I like the bold questions, they rely on raw ingenuity and encourage us to understand what is and isn't within the realm of human possibility. We're not talking about idealism, we're talking about conceptualizing a long-term, challenging goal and turning it into a reality. We have the resources, we just need the will.

That's why within the next few months The SPARK Initiative will be undertaking research to see just how possible a job for every eligible person on Earth is. If it sounds far-fetched but so did going to space 100 years ago.

To explore this possibility we need to start small. The idea was inspired by NGO juggernauts like Kiva and the Grameen Bank that offer micro-loans to people in developing countries to start small businesses so that they can free themselves from the cycle of poverty.

The difference between this proposal and a micro-loan is that this is a self-generated source of alternative income by harnessing the power of the internet. Mind you, this isn't encouraging people who are in need of additional income to go all Zuckerberg on us -- it's more about using your passions and inherent skills to make money.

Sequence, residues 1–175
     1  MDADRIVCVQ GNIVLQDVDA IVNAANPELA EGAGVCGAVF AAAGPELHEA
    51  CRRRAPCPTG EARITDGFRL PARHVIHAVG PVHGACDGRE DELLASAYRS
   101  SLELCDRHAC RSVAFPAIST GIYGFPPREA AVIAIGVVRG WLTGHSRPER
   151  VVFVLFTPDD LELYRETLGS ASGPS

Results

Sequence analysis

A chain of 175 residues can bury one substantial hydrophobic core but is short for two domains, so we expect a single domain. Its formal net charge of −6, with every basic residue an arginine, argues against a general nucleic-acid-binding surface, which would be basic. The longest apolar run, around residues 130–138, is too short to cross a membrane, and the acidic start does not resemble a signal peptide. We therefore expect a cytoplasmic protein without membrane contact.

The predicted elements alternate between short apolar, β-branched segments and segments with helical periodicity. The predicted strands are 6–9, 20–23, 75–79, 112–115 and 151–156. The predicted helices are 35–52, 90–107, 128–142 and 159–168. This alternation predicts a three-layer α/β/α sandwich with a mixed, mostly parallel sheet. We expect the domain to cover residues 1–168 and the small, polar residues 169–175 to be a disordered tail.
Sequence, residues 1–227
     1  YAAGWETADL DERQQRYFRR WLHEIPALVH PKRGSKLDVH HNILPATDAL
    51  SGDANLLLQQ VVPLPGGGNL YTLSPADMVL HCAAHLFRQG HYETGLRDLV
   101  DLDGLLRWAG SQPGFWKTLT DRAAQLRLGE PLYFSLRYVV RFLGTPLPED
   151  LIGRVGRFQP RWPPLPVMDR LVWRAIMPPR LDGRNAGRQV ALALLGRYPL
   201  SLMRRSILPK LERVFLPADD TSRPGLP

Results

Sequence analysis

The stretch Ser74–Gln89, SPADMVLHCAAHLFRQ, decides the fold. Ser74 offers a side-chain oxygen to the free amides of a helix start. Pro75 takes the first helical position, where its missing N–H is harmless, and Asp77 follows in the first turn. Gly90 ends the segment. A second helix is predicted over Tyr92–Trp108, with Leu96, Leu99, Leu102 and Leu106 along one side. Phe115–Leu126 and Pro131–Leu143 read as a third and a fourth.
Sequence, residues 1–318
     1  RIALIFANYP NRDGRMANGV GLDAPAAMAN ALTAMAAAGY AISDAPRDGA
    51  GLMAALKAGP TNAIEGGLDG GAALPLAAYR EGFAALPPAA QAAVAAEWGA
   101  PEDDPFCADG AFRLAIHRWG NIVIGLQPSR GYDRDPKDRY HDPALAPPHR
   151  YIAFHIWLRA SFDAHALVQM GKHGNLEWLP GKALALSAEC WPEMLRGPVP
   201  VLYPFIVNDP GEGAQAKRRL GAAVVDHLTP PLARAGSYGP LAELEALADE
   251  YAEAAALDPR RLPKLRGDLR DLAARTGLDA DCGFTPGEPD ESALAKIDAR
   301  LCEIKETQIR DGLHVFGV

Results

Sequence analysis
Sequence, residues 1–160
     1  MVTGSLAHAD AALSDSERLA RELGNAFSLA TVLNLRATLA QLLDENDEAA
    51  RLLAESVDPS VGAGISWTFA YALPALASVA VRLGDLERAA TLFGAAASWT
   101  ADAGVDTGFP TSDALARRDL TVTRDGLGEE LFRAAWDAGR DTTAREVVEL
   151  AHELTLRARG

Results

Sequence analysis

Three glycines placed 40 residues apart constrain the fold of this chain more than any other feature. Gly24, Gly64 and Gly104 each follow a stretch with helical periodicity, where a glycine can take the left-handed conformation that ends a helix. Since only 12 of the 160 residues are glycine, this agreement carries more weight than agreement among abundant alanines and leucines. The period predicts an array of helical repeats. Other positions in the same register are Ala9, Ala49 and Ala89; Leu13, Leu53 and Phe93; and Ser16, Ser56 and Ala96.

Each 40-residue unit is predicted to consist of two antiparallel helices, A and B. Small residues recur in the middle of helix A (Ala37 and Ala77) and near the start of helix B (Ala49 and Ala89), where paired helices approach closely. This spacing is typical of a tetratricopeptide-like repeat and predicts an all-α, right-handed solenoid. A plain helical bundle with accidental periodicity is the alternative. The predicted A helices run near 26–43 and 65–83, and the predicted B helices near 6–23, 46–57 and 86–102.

Tim Ferris' engaging, New York Times bestseller the 4-Hour Workweek is probably one of the easiest to follow alternative income generation books on the market today. It trivializes the process a bit but he's definitely on to something.

The concept is basically about putting in the least amount of time (input) to make more money (output) while having a career. While this book wasn't designed to alleviate poverty and was catered to middle-income earners, the principal still remains the same.